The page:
In April, the Los Angeles 2020 Commission presented a stack of recommendations that its members unanimously agreed were essential to overcome the city's "crisis in leadership and direction" and restore growth and stability. The group, convened in early 2013 by City Council President
The two reports the group ultimately issued — one laying out problems, the other solutions — sounded an alarm. Without action, the commission warned, Los Angeles risked "becoming a city in decline." And yet inaction is precisely what the reports have generated; if anything, city leaders seem more baffled than motivated by the commission's work.
The commission's list of suggestions included the creation of a city Office of Transparency and a new oversight body for the Department of Water and Power. It called for a merger of the Los Angeles and Long Beach ports and for realignment of the city's election schedule so that votes coincide with the presidential and gubernatorial cycles instead of being held in off-years. It proposed updating the city's community plans to guide development and establishing a Commission for Retirement Security to examine the city's pension liabilities.
With few exceptions, none of those proposals is being treated seriously at City Hall.
The commission is partly to blame because it made suggestions that would cause upheaval without solving problems. The proposed port merger, for instance, was presented as a way of increasing shipping traffic, but it's hard to see how a port monopoly would be better than competition for stimulating business. And aligning city elections with the presidential cycle would almost certainly increase turnout, but it also would mean that local campaigns would be waged in the shadow of bigger-ticket races — more voters, in other words, but less attention.
Moreover, some officials were struck by the tonal disconnect between the group's two reports.
The first, released in December, described a city in which 40% of the population lives in "what only can be called misery," "strangled by traffic" and hamstrung by a "failing" school system.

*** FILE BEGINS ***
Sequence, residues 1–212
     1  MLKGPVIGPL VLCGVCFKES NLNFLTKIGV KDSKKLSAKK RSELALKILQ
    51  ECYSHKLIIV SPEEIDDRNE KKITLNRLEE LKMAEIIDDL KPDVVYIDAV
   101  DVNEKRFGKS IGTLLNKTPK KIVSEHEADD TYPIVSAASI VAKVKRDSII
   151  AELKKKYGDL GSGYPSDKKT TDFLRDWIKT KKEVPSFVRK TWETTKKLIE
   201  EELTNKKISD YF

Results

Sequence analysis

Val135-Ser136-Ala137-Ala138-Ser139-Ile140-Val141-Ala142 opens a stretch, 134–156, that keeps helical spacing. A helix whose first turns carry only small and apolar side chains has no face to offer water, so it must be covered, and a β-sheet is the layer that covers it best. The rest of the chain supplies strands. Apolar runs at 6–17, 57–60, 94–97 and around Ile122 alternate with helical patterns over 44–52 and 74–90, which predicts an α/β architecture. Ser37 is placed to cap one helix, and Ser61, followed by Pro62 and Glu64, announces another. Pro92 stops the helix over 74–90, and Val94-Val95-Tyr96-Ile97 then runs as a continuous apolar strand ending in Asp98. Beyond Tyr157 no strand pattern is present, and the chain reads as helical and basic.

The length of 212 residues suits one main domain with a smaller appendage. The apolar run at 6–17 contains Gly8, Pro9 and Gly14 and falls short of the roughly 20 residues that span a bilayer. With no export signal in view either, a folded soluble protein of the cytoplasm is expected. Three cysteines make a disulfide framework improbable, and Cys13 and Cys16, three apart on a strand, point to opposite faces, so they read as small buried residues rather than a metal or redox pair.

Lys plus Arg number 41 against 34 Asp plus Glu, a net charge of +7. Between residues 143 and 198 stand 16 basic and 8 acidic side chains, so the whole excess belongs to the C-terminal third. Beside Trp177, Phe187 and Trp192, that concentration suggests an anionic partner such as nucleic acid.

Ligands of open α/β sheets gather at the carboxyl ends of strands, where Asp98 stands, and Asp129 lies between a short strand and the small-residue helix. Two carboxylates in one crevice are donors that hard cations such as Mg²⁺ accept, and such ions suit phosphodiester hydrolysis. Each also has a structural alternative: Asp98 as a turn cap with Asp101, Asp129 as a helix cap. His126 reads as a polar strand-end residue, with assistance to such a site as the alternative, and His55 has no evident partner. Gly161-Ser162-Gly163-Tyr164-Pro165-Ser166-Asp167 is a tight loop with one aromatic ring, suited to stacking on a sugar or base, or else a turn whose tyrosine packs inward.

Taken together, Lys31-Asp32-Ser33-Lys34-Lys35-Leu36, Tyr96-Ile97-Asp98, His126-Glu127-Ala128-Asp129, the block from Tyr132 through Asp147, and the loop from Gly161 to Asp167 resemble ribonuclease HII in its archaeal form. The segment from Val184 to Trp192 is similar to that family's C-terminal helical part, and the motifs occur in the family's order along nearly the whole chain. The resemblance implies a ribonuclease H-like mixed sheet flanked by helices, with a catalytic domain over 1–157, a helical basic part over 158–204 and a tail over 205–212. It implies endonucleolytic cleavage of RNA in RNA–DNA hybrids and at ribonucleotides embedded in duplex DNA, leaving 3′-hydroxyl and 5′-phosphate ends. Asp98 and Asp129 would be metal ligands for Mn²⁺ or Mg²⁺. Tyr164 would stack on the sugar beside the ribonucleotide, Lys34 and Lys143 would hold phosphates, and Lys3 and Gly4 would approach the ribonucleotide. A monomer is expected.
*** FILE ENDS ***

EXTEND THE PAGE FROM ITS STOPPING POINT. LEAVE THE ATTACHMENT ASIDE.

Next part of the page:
The second presented a set of recommendations that seemed too mild to fully address such serious problems, leaving some city leaders mystified. Misery seems unlikely to be eradicated by an Office of Transparency.
Still, the reports were a serious effort by a noteworthy group to generate new ideas, and they deserved at least a full discussion. Instead, they've been filed away, without much more than a polite nod. When he and his colleagues delivered the second report in April, commission co-chairman Austin Beutner suggested that the City Council consider each recommendation and give it "a thumbs-up or a thumbs-down." That hasn't happened, and it's not about to. Beutner's trying to be patient.
"Change is hard," he said in an interview. "We recognize that."
Beutner tends to frame the choices facing Los Angeles as black or white, as either favoring the commission's recommendations or the status quo. "As far as these topics go, do you like the status quo?" he asked.
That's a trap, of course. Who wants to defend traffic or job loss, much less misery?
Wesson, however, seems quite content with the city's progress. Citing the city government's ongoing efforts in areas such as pension reform and DWP oversight, he recently said, with his typical cheery bravado, that the 2020 report "shows we're moving in the right direction."
Rare is the person who could interpret a report that opens with a description of the city's failed leadership as an endorsement of that leadership. Beutner declined to respond.
In fairness, there has been a bit of movement, at least conceptually, on a few of the commission's recommendations. Wesson points to the new Economic and Workforce Development Department (led by former Councilwoman
As for Mayor